Consumer Financial Protection Bureau sues for-profit college company over student lending

McClatchy Washington BureauFebruary 26, 2014 

The federal Consumer Financial Protection Bureau filed a lawsuit on Wednesday accusing ITT Educational Services Inc. of predatory lending to college students.

It’s the first time the CFPB has taken action against a for-profit college company. ITT has some 150 post-secondary technical schools across the country, including some in Charlotte, Miami, Kansas City and many other places in some 35 states.

“ITT marketed itself as improving consumers’ lives but it was really just improving its bottom line,” CFPB director Richard Corday said. “We believe ITT used high-pressure tactics to push many consumers into expensive loans destined to default. Today’s action should serve as a warning to the for-profit college industry that we will be vigilant about protecting students against predatory lending tactics.”

ITT’s vice president for government relations and external affairs, Nicole Elam, said in a prepared statement: “We don't comment on pending litigation, other than to say that we believe that the Bureau's claims are without merit and that we intend to vigorously defend ourselves against the charges.”

The CFPB is seeking restitution for victims, a civil fine, and an injunction against the company.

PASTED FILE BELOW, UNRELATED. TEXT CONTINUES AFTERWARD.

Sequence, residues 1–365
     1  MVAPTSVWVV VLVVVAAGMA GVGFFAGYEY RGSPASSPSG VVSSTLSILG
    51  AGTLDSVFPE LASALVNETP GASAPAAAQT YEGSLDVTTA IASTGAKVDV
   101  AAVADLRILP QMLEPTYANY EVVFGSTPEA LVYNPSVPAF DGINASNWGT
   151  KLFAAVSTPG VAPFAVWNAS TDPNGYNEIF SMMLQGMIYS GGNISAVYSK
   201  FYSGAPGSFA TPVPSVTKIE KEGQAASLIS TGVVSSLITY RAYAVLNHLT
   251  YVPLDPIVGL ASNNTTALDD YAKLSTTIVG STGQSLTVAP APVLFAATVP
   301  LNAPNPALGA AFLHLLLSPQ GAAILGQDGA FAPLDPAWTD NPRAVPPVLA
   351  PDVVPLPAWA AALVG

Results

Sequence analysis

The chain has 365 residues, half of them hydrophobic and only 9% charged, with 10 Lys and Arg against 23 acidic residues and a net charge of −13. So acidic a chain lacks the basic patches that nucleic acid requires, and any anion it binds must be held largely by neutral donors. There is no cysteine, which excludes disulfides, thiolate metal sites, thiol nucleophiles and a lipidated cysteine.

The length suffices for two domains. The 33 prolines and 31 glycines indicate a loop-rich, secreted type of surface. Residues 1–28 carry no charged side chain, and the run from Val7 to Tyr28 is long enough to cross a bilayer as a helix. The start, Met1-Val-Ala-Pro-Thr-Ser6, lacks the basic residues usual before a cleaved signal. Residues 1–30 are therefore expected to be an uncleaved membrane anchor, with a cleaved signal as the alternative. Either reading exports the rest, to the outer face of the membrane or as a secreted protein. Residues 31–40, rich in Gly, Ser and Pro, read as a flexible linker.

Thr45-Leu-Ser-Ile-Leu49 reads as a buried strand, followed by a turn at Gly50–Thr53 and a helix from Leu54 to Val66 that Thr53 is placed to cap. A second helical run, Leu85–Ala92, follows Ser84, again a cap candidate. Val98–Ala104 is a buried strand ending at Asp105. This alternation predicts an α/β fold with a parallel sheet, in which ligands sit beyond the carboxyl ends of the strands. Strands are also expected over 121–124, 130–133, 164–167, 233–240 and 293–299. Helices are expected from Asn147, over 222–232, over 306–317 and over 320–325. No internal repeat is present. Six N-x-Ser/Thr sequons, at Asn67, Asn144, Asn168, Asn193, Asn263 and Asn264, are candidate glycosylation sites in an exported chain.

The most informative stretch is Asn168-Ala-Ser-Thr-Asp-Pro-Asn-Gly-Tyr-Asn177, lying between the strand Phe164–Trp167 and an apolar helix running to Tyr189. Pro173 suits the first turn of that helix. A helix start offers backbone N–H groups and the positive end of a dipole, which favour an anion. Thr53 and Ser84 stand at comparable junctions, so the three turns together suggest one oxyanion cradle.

The consumer protection agency said that ITT’s tuition costs are some of the highest in the country among for-profit schools, and significantly higher than public two- and four-year schools.

The agency said that many students borrow federal loans, but they’re not enough to cover ITT tuition. It said the school provided zero-interest loans for one year, called a Temporary Credit, that had to be paid in full at the end of the student’s first academic year. The lawsuit alleges that ITT “pushed its students into repaying their Temporary Credit and funding their second-year tuition gaps through high-cost private student loan programs.” The suit said that ITT rushed students through an automated application process without helping them understand the loan obligations involved.

In addition, ITT credits were could not be transferred to community colleges or other nonprofit schools.

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